c. Retrieval of a sinusoidal extinction profile

Figure 2 shows another simulated retrieval for a cloud with exaggerated vertical structure to determine to what extent the information on vertical structure is smoothed out after many scattering events. The total optical depth of this profile is 14.4, and the optical depth between troughs is about 2.4. The results of retrievals using two different receiver configurations are shown. As with the triangular profile, when using only the narrowest FOV it is possible to locate the cloud top but it is not possible to retrieve the extinction-coefficient profile with any accuracy. Using the three-FOV receiver, the structure of the profile can be retrieved to about 6 optical depths (three peaks). Below this, although the structure is no longer retrieved, it is still possible to constrain the total optical depth and the extinction coefficient goes to zero near true cloud base. The retrieved total optical depth is . The true optical depth down to a height of 1005 m, where structure is retrieved, is 7.2, and the retrieved optical depth to this height is .

Fig. 2.

Performance of the retrieval algorithm for an extinction-coefficient profile with sinusoidal structure. (a) As in Fig. 1a, but without the MC line. (b) As in Fig. 1b. (c) As in Fig. 1d.

Fig. 2.

Performance of the retrieval algorithm for an extinction-coefficient profile with sinusoidal structure. (a) As in Fig. 1a, but without the MC line. (b) As in Fig. 1b. (c) As in Fig. 1d.

d. Optical depth

Figure 1 showed an example retrieval for one extinction profile. We have repeated the retrieval for a number of triangular extinction-coefficient profiles, with different optical depths, for each of the lidar receiver configurations described in section 3a. For each profile, the cloud-top height was 1600 m and the gradient /dz was 10−4 m−2. The physical thickness and peak extinction coefficient were varied to change the total cloud optical depth. For each extinction profile we simulated one set of observations without instrument noise and 100 sets with instrument noise. For the simulated observations that do not include instrument noise, we do assign a measurement error that is consistent with what we would expect for noisy observations. Figure 3 shows the retrieved total optical depth as a function of input total optical depth. The lines with error bars are the retrievals for observations without noise, and the shaded regions indicate the central 60% of retrieved optical depths for the observations with noise.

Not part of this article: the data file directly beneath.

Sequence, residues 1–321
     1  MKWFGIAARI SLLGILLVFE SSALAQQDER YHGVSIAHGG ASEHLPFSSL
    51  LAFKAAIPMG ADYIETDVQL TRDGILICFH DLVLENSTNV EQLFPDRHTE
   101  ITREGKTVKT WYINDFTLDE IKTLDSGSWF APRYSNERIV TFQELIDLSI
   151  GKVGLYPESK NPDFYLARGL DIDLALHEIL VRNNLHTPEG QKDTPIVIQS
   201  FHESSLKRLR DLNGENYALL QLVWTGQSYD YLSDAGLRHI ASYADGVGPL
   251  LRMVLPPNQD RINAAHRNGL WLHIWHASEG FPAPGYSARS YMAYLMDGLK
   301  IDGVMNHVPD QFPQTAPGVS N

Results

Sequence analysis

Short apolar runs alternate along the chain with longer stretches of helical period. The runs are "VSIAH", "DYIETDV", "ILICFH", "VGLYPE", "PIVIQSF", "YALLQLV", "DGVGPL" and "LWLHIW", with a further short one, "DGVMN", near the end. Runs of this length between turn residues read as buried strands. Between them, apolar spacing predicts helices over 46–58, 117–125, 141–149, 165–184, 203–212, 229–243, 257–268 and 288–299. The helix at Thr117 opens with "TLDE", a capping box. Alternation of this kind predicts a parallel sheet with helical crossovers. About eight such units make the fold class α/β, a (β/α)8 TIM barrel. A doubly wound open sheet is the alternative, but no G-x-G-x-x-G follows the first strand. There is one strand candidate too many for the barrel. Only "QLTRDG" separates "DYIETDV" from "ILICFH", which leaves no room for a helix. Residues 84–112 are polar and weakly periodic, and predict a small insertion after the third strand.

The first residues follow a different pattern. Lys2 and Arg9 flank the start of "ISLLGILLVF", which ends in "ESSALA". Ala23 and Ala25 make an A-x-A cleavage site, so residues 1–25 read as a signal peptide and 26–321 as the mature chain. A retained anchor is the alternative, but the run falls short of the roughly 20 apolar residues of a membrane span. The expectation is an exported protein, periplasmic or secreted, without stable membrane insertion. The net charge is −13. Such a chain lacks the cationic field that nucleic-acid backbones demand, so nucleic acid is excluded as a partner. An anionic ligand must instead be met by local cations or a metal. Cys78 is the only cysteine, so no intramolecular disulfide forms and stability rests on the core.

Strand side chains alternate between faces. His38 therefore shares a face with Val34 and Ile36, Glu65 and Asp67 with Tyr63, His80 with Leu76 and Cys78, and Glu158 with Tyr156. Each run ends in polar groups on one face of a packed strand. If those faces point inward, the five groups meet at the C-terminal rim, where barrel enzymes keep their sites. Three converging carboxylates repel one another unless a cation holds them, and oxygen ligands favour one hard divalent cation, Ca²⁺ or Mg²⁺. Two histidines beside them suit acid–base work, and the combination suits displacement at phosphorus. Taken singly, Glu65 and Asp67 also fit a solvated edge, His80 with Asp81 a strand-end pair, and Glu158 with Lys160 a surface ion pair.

Fig. 3.

Retrieved optical depth for synthetic, triangular extinction-coefficient profiles with different optical depths. Each retrieval is performed for three different lidar receiver configurations: a single-FOV receiver with a 10-m footprint, a single-FOV receiver with a 100-m footprint, and a three-FOV receiver with 10-, 100-, and 600-m footprints for each FOV. The shaded regions indicate the central 60% of the retrieved optical depths for 100 retrievals of independent observations including instrument noise (not shown for retrievals using the 100-m-footprint receiver). The lines with error bars are the retrieved optical depths for observations with no instrument noise. The insert contains an enlarged view for 0–10 optical depths.

Fig. 3.

Retrieved optical depth for synthetic, triangular extinction-coefficient profiles with different optical depths. Each retrieval is performed for three different lidar receiver configurations: a single-FOV receiver with a 10-m footprint, a single-FOV receiver with a 100-m footprint, and a three-FOV receiver with 10-, 100-, and 600-m footprints for each FOV. The shaded regions indicate the central 60% of the retrieved optical depths for 100 retrievals of independent observations including instrument noise (not shown for retrievals using the 100-m-footprint receiver). The lines with error bars are the retrieved optical depths for observations with no instrument noise. The insert contains an enlarged view for 0–10 optical depths.